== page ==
NAIROBI — Kenyan security agencies are searching for three convicted terror suspects who escaped from a prison in Nairobi Monday. One of the escapees was involved in an attack on Garissa University in 2015 that killed nearly 150 people.
The three men escaped from Kamiti prison, the largest maximum-security prison in Kenya. Police on Tuesday arrested seven prison wardens in connection with the escape.
Police spokesperson Bruno Shioso says the jailbreakers are still at large and the arrested wardens are helping with the investigation into how the men were able to flee.
“We just caution people to be on the lookout, to provide information so that they can cooperate with us. Now we have begun investigations to know what exactly happened. So, in the fullness of time, we will be able to share with the public once the investigation is over,” he said.
The three convicts include Musharaf Abdalla, who was convicted of attempting to attack the parliament in 2012; Joseph Juma Odhiambo, who was arrested in 2019 at the border between Kenya and Somalia for planning to join the terror group al-Shabab; and Mohamed Abdi Abikar, who was convicted his role in for al-Shabab’s attack on Garissa University in April 2015. That attack killed at least 148 people, most of them were students.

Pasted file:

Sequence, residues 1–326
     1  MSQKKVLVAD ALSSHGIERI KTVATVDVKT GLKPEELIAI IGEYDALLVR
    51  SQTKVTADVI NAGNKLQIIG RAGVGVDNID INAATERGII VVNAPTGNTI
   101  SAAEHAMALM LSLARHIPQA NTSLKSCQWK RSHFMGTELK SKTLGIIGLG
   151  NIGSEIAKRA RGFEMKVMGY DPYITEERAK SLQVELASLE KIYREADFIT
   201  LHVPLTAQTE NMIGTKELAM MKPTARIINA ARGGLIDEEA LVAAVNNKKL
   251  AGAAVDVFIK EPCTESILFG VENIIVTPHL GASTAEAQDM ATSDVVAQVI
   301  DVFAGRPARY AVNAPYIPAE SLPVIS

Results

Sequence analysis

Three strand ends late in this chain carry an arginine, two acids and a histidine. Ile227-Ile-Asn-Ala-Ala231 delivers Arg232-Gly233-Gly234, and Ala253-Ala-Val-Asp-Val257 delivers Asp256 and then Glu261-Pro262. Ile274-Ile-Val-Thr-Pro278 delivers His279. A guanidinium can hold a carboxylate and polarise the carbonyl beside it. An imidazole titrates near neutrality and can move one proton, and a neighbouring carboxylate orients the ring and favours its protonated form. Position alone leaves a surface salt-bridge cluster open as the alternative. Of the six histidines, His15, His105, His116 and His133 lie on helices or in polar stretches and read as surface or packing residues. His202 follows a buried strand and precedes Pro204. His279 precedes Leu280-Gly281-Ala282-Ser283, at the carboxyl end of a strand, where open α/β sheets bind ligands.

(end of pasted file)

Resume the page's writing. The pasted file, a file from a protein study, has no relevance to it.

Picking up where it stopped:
The three men were housed with more ordinary criminals inside Kamiti prison, which Nairobi-based security analyst Richard Tuta says is a dangerous practice.
“The moment you bring together these militants and with all petty thieves, pickpockets, and all that, it’s very easy for them to use the gaps that exist and the security levels to escape. These are people with resources, these are people who are well trained, and these are people with good networks in and outside the correctional facility. So, all those create a conducive environment for them to escape,” he said.
Some terror convicts and suspects awaiting justice have been accused of radicalizing other prisoners. Police spokesperson Shioso says the escape has prompted police to review the handling of terror suspects and convicts.
“We are trying to review working very closely through a multi-agency framework. We are working very closely with the prisons to review the security of all the prisons, including police facilities that host criminals,” he said.
The government is offering a reward of $550,000 for information leading to the capture of the escaped convicts, who they warn are dangerous.
Shioso also warned the public against taking the law into their hands. In October, a mob killed a man who escaped from prison. Masten Wanjala had confessed to killing ten children.